Construction contracts often include clauses that purport to limit the liability of one or both parties. This includes clauses that completely prohibit any claims for certain types of damages such as lost profits and other consequential damages, extended overhead or other “delay” damages, and exemplary/punitive damages. Contracting parties may also include clauses that purport to cap liability

The court in AECOM v. Flatiron is back at it issuing additional evidentiary rulings as the parties head to trial later this month. These latest rulings highlight the risk of seeking the same damages from multiple parties, sometimes referred to as “fighting on two fronts.” As you may recall, AECOM v. Flatiron involves claims by

Recently, in United States v. Osage Wind, LLC, the Northern District of Oklahoma awarded permanent injunctive relief in favor of the Osage Nation and the United States against wind turbine farm developers in the form of ejectment of the wind farm for continuing trespass. A trial to assess the amount of monetary damages due

Back in April we examined the court’s decision in Boldt v. Black & Veatch, which dismissed a subcontractor’s counterclaim for wrongful termination on a 60-turbine wind farm project. As you may recall, the subcontractor hired to erect the turbines alleged that it was wrongfully terminated for delays that were not its fault but were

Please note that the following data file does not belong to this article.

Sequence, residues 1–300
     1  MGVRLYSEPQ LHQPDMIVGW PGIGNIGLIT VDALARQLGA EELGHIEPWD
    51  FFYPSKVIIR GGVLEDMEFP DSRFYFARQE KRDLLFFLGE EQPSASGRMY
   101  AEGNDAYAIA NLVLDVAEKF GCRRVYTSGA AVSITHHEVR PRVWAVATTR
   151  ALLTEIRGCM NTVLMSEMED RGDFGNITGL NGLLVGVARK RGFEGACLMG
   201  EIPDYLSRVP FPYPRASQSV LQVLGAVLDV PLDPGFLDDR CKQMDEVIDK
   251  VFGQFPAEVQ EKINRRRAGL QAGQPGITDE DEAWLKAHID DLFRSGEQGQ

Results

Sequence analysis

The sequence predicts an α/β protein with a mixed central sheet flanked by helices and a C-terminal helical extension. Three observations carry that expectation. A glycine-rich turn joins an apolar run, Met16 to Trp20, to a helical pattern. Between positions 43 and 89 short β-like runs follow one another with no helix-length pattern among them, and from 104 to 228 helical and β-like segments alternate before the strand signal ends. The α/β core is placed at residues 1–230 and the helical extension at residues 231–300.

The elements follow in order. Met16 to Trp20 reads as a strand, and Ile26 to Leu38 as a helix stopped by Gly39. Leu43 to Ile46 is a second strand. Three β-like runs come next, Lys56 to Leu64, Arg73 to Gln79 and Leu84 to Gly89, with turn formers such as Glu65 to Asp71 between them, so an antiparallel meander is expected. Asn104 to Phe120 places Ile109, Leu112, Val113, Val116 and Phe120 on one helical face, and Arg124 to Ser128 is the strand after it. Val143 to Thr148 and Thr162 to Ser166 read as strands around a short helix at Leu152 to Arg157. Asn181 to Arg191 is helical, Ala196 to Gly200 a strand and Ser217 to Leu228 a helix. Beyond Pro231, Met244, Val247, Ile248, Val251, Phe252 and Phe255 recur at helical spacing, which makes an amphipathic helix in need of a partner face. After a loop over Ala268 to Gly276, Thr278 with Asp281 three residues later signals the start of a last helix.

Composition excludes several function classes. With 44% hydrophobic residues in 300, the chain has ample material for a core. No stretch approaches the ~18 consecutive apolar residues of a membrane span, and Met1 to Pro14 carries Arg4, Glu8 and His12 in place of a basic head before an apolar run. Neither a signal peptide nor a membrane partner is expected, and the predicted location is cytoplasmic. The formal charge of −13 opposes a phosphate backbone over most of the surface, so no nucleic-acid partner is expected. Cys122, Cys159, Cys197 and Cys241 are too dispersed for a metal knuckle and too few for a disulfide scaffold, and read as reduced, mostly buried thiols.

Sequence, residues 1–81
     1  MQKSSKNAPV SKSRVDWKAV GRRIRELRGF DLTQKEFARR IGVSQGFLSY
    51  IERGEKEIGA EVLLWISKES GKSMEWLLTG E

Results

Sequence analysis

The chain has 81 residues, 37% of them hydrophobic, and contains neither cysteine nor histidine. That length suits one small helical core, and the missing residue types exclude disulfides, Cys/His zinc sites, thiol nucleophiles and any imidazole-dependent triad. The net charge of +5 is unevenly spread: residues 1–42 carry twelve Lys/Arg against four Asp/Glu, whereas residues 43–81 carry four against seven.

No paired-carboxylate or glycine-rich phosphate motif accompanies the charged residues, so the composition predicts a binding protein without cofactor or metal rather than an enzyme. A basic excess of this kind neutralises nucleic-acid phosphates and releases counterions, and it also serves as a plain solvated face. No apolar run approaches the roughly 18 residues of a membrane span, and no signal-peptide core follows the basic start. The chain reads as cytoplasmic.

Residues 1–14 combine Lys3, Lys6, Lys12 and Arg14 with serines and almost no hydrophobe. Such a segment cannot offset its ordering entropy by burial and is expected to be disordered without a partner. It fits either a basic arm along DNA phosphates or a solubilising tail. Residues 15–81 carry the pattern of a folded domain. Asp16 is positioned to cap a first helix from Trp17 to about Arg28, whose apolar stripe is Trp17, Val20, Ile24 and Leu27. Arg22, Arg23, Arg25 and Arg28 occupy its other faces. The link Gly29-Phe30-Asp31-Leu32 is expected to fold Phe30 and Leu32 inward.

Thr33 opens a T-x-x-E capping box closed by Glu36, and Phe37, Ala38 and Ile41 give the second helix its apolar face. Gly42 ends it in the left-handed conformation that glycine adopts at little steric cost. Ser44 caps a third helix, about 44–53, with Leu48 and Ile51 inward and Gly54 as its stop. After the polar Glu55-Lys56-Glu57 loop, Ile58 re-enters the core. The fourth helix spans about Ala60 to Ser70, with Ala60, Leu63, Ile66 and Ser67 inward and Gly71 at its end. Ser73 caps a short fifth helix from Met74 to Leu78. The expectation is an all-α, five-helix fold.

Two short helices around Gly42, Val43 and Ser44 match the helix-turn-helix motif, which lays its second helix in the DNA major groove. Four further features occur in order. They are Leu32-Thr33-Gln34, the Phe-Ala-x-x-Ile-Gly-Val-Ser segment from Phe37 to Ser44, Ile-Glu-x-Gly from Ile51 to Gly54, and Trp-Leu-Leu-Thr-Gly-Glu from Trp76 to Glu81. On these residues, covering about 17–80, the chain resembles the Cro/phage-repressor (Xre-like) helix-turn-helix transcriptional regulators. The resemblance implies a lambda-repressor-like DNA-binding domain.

A fundamental premise of contract law is that promises must be kept. If legally enforceable promises or “contracts” are not kept, courts may step in to enforce them by ordering performance, awarding damages, or granting some other form of relief. Over time, courts have developed exceptions to the general rule that promises must be kept.

Construction contacts often include provisions that provide for pre-determined or “liquidated” damages in the event of a breach. Such provisions can provide certainty to the parties as to the consequences of a breach and can simplify the task of proving up damages at trial. However, as one contractor found out recently, courts may refuse to

Loss of productivity damages are commonly estimated using a “measured mile” analysis, which compares unimpacted construction work to work which has been disrupted to determine the cost impact of the disruption. Such analyses often require expert testimony that must satisfy the reliability requirements of Rule 702 and Daubert. Generally speaking, to be reliable the analysis must